A recent ruling in GE Money Financial Services Pvt. Ltd. v. DCIT, the Income Tax Appellate Tribunal (ITAT) has further contributed to the uncertainties in Transfer Pricing in India. The ruling is a drastic departure from international transfer pricing norms especially the OECD Transfer Pricing Guidelines and UN Transfer Pricing Manual.

Brief Facts

GE Money (taxpayer) had entered into two international transactions with its Associated Enterprises (AE) located in USA and Asia for availing consulting, IT and administration services. For the purpose of transfer pricing, the taxpayer applied Transactional Net Margin Method (TNMM) as the appropriate method and chose its foreign AE as the tested party. The Assessing Officer referred the determination of Arm’s Length Price with respect to these transactions to the Transfer Pricing Officer who held that taxpayer should be the tested party and not the foreign AE. Aggrieved by this holding, the taxpayer approached the Dispute Resolution Panel which also held in favour of the authorities causing the taxpayer to move before the ITAT.

The Tribunal’s Ruling

Whether the foreign AE can be taken as the tested party?

The foreign AE in the transaction was a provider of these services to other AEs across the globe, which according to the taxpayer would make it the least complex party in the transaction and therefore would be ideal as the tested party for the transfer pricing exercise. This argument though consistent with OECD guidelines should still satisfy the prior conditions i.e. the party should be one on which the transfer pricing can be applied in the most reliable manner and one for which reliable comparables can be easily found. The Tribunal never verified the claim of the taxpayer but instead moved onto the bigger question of whether a foreign entity as tested party is permissible under Indian transfer pricing regulations?

To ascertain the permissibility, the Tribunal analysed Rule 10B(1)(e) of the Income Tax Rules which provides for determining ALP using TNMM. The Rule states that the net profit margin realised by the enterprise from an international transaction entered into with an associated enterprise is computed in relation to costs incurred or sales effected or assets employed or to be employed by the enterprise or having regard to any other relevant base. The Tribunal’s literal interpretation of the rule was that only the taxpayer could be the enterprise as Indian law is concerned only with the computation of ALP with respect to the profits realised by the taxpayer. Taking the foreign AE as the enterprise would amount to computing ALP on the profits realised by the foreign AE which is not permitted by this rule. This holding of the Tribunal goes against the very fundamentals of Transfer Pricing as the ultimate objective of the exercise is to determine if the transaction is ALP and not determining profits arising out of a transaction.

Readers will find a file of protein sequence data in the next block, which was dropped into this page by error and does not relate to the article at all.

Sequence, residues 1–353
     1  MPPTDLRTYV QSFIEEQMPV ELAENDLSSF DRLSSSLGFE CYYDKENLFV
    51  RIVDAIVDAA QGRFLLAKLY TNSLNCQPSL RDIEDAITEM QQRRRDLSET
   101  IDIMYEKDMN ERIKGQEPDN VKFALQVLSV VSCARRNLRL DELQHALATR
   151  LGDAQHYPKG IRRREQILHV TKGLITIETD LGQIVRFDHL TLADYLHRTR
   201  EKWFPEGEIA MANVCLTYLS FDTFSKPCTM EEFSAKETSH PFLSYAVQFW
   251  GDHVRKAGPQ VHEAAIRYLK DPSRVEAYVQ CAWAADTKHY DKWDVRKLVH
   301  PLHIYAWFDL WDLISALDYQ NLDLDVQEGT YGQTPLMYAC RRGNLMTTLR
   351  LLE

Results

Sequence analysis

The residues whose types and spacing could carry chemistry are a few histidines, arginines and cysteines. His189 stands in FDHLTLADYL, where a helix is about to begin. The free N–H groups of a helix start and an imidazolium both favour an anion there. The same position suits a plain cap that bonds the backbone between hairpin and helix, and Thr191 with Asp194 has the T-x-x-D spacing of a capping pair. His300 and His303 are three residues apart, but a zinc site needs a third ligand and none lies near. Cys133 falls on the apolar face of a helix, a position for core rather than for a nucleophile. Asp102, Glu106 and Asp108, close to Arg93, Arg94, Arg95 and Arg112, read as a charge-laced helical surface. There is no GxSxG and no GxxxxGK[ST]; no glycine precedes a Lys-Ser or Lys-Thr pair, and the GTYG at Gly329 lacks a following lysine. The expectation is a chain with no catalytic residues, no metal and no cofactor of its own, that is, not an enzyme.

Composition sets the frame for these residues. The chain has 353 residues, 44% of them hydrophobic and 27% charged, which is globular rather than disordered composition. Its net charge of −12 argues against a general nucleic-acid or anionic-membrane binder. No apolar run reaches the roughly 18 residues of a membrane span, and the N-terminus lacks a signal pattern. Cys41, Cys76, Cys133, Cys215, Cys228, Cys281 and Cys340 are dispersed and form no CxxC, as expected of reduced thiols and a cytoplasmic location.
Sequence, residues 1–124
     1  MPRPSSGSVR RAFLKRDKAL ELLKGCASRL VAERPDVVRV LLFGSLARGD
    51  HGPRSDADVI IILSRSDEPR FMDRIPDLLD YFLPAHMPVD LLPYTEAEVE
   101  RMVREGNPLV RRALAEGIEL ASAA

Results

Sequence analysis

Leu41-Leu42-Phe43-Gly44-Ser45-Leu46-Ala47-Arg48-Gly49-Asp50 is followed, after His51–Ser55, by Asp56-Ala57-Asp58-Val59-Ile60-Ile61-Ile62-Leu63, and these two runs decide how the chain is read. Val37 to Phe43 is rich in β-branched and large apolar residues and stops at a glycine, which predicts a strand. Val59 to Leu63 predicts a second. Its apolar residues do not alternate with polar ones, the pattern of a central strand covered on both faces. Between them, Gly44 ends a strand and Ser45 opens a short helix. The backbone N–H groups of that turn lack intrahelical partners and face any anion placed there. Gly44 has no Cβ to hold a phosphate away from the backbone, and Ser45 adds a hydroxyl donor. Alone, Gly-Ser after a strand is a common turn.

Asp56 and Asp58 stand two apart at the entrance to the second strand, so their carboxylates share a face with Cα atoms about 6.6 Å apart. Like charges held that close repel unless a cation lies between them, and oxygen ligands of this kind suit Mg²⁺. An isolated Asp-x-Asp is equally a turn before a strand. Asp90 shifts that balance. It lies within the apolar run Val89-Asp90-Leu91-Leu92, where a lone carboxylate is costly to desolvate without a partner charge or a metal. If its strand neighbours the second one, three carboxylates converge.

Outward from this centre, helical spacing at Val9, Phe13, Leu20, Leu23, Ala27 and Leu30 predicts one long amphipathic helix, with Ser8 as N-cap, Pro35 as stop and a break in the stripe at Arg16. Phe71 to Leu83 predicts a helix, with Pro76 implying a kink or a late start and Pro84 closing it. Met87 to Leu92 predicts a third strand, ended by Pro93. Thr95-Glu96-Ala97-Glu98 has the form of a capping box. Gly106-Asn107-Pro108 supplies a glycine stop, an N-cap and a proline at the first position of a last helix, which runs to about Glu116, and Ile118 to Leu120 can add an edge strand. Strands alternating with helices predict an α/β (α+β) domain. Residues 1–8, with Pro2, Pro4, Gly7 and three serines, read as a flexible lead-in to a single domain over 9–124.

Tested Party in Indian Law

Rule 10B of the Income Tax Rules provides for computing ALP using TNMM in an international transaction. In the judgment, the Tribunal stopped with a plain reading of the rule and failed to further analyse the definitions of enterprise and associated enterprise mentioned in the rule. An enterprise is defined in the statute to mean any person and a person is defined to include any company incorporated in India or abroad. Going by the definition, the rule allows an enterprise to be a foreign company for the purposes of determining ALP using TNMM. Once this is possible, then the only requirement is to establish that the taxpayer and the foreign company are associated enterprises which are by satisfying the conditions in Section 92B. The wide definition of an enterprise along with the OECD guidelines on selection of tested party should have been considered and persuasive enough for the Tribunal to allow the taxpayer to take its foreign AE as the tested party.

However, the problem lies in the reluctance of the Tribunals and Tax Authorities to accept OECD Transfer Pricing guidelines. The reason usually stated for the rejection is that India is not a member of OECD and therefore its Transfer Pricing guidelines cannot be applied in Indian law. The same goes with the UN Practice Manual on Transfer Pricing. This is not entirely true. India as an observer actively participated in the preparation of the BEPS Report which was incorporated into the Transfer Pricing Manual. India was also a co-drafter of UN Practice Manual on Transfer Pricing and that manual very definitely supports the notion of the tested party being a foreign party, when that is the most reliable party for comparability purposes. Taking both the guidelines and India’s involvement in its preparation into account, the Courts and authorities have enough reason to adopt the same into the domestic regulations.

The Way Forward

The ideal way forward would be for the Government to formally recognise this concept into the existing tax laws so as to bring it in line with the international principles. However, as seen from above, without an amendment the existing law is wide enough to accommodate the concept of tested party. Therefore, the tax authorities recognising the concept through an issuance of formal guidelines on selection of tested party would be sufficient to resolve this ambiguity.

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